Suddenly, it occurred to me that if my baby was dead but still inside me, I would somehow need to... birth them? Expel them? I was at a loss for words. Everything felt so cold and clinical. In a haze, I agreed to undergo a minor operation under local anaesthetic, in which they would 'remove' Sofia from my womb in a matter of minutes. They had a slot for the following morning, and I took it. I wanted this to get done as quickly as possible - I genuinely couldn't stand the thought of a dead baby-to-be inside me.
We managed to order a cab and get back home quickly. I don't remember walking out of the hospital, or walking up the stairs of our new flat - the two-bedroom flat that we had moved into only months before, in the hope of starting a family. I just remember taking off all my clothes and slipping under the duvet, in the dark. It was all over, and I felt like a piece of my flesh had been ripped off me and thrown away. How could I suddenly have grown so attached to this tiny being? How could I feel so much pain? How could I say goodbye to this speckle of life that had sprouted inside me and had silently been taken away? How could I explain this pain, this grief, this rage to other people, when it was so new and alien and terrifying to myself?
The morning of the 9th I was admitted to the Whittington Hospital as an outpatient. Walking through the EPU and seeing women with babies, bumps and smiles hurt like hell, but I was thankfully allowed to stay in a quiet, private room where I spent a few hours with Daniel. I was given drugs to prepare my body to say goodbye to the baby that never was. Daniel sat next to me the entire time, playing music from my iPhone and reading excerpts from Bruce Springsteen's autobiography out loud - to make me laugh and forget about what was to come. The pain, the tears, and all our shattered dreams.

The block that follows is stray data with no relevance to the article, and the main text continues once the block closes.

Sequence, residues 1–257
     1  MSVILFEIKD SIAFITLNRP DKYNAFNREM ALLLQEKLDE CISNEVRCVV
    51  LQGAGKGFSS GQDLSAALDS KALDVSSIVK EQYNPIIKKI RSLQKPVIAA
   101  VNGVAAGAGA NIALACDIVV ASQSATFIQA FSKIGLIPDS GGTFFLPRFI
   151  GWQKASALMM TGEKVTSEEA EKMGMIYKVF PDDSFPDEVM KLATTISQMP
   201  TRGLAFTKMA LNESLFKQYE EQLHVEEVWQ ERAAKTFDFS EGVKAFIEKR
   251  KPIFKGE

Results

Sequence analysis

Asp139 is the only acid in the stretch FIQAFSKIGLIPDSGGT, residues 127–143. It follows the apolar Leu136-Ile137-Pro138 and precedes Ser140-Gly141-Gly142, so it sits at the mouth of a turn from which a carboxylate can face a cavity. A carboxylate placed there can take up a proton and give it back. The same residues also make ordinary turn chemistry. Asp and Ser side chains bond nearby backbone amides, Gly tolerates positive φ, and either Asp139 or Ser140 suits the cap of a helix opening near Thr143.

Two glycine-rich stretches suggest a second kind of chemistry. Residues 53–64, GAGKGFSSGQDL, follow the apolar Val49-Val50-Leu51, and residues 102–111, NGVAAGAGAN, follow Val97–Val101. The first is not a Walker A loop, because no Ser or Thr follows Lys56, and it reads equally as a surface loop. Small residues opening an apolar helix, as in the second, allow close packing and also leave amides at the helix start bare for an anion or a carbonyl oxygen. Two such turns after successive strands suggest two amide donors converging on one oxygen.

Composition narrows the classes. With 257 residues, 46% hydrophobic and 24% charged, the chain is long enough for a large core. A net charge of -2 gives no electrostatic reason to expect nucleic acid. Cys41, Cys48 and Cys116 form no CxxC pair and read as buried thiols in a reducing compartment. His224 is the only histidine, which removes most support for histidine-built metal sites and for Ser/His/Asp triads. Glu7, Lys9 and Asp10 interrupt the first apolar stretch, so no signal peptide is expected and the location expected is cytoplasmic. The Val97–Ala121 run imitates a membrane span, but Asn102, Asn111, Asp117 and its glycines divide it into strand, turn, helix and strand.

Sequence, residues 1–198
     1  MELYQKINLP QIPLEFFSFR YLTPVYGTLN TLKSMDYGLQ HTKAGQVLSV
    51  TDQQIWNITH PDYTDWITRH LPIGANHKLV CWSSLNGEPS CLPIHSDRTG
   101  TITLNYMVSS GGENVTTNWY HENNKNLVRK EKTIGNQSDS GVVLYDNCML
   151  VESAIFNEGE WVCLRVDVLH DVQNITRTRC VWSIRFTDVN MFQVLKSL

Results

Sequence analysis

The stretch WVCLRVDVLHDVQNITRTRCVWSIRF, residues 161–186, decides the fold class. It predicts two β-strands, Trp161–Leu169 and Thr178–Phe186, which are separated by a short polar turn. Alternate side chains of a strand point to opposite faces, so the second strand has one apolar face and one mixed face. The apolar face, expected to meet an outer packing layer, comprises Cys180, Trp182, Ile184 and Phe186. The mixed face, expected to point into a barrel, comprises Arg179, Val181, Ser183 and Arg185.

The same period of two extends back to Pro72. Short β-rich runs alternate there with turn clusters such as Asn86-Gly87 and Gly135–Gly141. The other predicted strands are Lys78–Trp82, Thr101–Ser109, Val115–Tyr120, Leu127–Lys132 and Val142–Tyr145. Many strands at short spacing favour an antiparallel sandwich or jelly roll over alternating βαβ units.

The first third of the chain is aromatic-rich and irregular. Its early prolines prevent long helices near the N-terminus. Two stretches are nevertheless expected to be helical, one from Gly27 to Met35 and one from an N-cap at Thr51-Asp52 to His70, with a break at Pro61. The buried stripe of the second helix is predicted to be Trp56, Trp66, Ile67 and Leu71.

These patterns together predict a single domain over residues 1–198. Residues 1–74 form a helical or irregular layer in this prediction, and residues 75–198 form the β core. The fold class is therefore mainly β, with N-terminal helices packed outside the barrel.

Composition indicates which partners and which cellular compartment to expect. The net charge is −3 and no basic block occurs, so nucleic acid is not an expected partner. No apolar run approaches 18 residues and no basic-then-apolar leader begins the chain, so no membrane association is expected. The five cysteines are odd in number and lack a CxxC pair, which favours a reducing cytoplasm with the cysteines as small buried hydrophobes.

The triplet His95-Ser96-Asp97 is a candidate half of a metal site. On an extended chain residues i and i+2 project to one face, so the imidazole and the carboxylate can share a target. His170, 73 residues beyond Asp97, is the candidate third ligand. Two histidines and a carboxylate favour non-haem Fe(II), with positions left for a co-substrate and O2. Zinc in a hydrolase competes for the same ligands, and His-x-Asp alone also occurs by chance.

As anticipated, the procedure was very quick but also very painful. I squeezed Daniel's hand so hard, as if that primal gesture could make the physical pain go away - it didn't, but it reminded me that I wasn't alone, and that I would be fine. One day, I would be fine. It took me nearly six months to be fine enough, for the panic attacks to slowly fade and for my broody feelings to reappear, stronger and more real than ever before. I wanted to move on, I wanted a baby, and I wanted a normal, healthy and happy pregnancy. Surely, I deserved it? One thing I knew for certain: if I were to have a girl, I wouldn't call her Sofia. That name was already taken - it was the name of my first child.